murdered South African rapper’s posthumous album is a mixed bag

murdered South African rapper’s posthumous album is a mixed bag

Just weeks before being gunned down in what appeared to be a hit, the South African rapper AKA (Kiernan Forbes) had announced he was ready to release his new album, Mass Country. After his death, his family decided to go ahead and release the album on schedule as a tribute.

At his memorial service on 17 February in Johannesburg, fellow rapper and frequent collaborator Yanga Chief delivered a remarkable speech. In it, he revealed much of AKA’s creative process. Yanga disclosed that AKA was aware that it took “an army of different elements to create a hit”. In other words, the search for sonic gold was painstaking, deliberate and all engrossing. AKA gave what it took to find the right hooks, beats and personnel.

Mass Country, the rapper’s fourth album, could have been a much worse offering without its multiple features and collabs. Before its much anticipated release, AKA had been proclaiming he wasn’t merely a hip-hop mainstay but also a pop music juggernaut. There’s some truth to this self-assessment.

Mass Country is a sometimes uneasy assortment of genres, moods and sensibilities slapped over a wide range of beats, production styles and talent.

Outshone by collaborators

For his creative and production crew, AKA cast his net far and wide. A-list South African rappers Khuli Chana, Blxckie, Emtee, Nadia Nakai, Nasty C, Sjava, Yanga Chief, Nigerian top notch producer KDDO and many others joined in the collective effort to create what was intended to be a masterpiece, or at least a landmark album.

There are just a few tracks in which AKA performs largely by himself and when he does, it’s mainly about ego boosting. In Mbuzi (freestyle) he sings his own praises and affirms his spot atop the hip-hop pile. He takes shots at rivals and detractors, reminding them that he’s “cut from a different cloth”. But in this exciting cut, South African rapper Thato Soul blows AKA off his own joint. Thato, in this case, is the undisputed beast and not AKA.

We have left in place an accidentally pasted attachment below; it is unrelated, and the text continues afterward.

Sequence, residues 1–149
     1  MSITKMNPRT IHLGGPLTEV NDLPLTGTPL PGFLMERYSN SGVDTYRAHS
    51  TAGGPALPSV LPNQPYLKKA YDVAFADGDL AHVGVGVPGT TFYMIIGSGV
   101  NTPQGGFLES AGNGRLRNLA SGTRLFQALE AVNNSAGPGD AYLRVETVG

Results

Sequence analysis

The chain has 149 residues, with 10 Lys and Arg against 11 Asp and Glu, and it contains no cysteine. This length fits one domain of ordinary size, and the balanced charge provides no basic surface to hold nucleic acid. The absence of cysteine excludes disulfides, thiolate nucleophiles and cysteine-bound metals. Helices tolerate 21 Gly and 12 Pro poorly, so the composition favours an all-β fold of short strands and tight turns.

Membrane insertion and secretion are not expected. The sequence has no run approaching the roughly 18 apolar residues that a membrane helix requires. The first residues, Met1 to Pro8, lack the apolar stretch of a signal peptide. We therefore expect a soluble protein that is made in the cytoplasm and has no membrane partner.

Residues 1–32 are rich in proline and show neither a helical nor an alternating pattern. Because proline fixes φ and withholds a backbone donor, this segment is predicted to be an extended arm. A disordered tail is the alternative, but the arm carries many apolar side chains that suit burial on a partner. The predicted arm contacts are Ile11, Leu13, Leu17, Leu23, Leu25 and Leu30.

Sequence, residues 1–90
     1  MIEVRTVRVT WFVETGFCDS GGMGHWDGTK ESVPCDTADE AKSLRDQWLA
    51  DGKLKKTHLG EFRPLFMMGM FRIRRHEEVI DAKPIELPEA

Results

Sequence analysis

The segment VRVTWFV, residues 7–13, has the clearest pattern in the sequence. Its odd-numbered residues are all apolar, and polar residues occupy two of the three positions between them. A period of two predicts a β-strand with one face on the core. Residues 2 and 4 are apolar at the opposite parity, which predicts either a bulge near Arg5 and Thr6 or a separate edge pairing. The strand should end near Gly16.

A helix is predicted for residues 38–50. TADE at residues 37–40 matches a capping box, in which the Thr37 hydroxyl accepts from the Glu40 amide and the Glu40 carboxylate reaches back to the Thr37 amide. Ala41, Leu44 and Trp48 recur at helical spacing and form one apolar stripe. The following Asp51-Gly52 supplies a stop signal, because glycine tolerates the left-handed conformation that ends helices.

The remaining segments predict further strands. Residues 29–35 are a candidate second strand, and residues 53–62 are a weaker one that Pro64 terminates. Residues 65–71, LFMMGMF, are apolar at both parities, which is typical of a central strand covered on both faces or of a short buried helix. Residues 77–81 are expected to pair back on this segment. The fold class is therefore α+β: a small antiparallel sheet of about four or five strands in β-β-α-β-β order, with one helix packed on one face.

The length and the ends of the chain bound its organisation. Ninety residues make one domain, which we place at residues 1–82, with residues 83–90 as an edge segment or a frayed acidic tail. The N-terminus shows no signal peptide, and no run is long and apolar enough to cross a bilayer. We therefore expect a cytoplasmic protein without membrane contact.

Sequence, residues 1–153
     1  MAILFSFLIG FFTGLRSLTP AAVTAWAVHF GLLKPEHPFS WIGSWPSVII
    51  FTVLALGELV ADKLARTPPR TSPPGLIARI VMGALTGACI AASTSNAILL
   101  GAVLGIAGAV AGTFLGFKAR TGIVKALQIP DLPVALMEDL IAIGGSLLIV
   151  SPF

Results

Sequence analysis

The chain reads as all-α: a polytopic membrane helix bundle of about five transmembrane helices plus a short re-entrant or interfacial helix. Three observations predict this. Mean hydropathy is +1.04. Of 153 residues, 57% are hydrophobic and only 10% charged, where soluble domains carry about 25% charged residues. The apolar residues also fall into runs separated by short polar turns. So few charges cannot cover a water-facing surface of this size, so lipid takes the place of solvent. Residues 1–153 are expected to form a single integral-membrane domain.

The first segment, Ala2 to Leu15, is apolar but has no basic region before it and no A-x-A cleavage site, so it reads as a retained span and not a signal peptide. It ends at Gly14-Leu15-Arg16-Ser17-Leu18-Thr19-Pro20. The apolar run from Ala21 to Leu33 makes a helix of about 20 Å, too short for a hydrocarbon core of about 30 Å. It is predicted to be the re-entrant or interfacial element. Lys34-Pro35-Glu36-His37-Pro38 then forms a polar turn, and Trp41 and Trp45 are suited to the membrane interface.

AKA does better in Amapiano, a Latin-influenced track with help from Mozambican hip-hop artist Laylizzy and upcoming rapper Weathrd. Once again, his collaborators lift the joint out of mediocrity. AKA delivers his chorus without autotune, which is rare for him. And yet again, AKA assumes the role of passenger on his own cruise while his collaborators are the pilots.

With such an amazing cast of artists and run of features, it is hard to deliver a dud. But how much of the album’s creative vision is AKA’s? The album often feels like he’s throwing darts at a board, hoping that something will stick. This makes this suite of tracks rather unwieldy.

Mixed bag

Anxiety is another self-absorbed and derivative assemblage of lyrics and hooks spread over somewhat infectious beats. This is obviously the work of his impressive producer, Thabo Nelson Tota.

On Company, the talented KDDO once again delivers the goods and hurls AKA to higher creative levels. Here, he delivers his verses with élan and some degree of conviction. Both artists stress their playboy credentials over KDDO’s smooth, warm beats and production. This is the type of production value and quality that made AKA’s previous hits such as Fela in Versace and Jika so irresistible.

In The Last Time, AKA’s tone and sensibilities are slightly more reflective, “his ego in ashes” and not controlled by a surfeit of testosterone.

In Crown, South African rapper Emtee joins him in asserting his place at the top of the hip hop game and in calling out for concomitant blessings. The heavy R&B tones sound somewhat mature and well executed.

So this is indeed a mixed bag of beats, visions, influences and talent.

Claiming the crown nonetheless

AKA was nonetheless motivated to claim his crown in the game. He wasn’t about to accomplish this alone. And so, adopting his customary approach, he enlisted all the certified hit makers he knew to assist him.

AKA was never the most technically proficient rapper. He also admitted – unusually for him – that he didn’t possess the vocal prowess of South African jazz artist Judith Sephuma. But he discovered an approach that worked exceedingly well for him. His winning plan was simple: cultivate talent wherever he could, draw them into his creative orbit, feed them with the formative mists of his vision, and hope chance blesses their efforts with success.

On this last offering, it seems all his collaborators were willing to go the extra mile in serving and nurturing his complicated – or is it conflicted – vision. It is also a testament to his extraordinary tenacity and leadership qualities. He apparently bent this diverse gallery of talented artists to his will in reaching heights that his own talents could not take him to.

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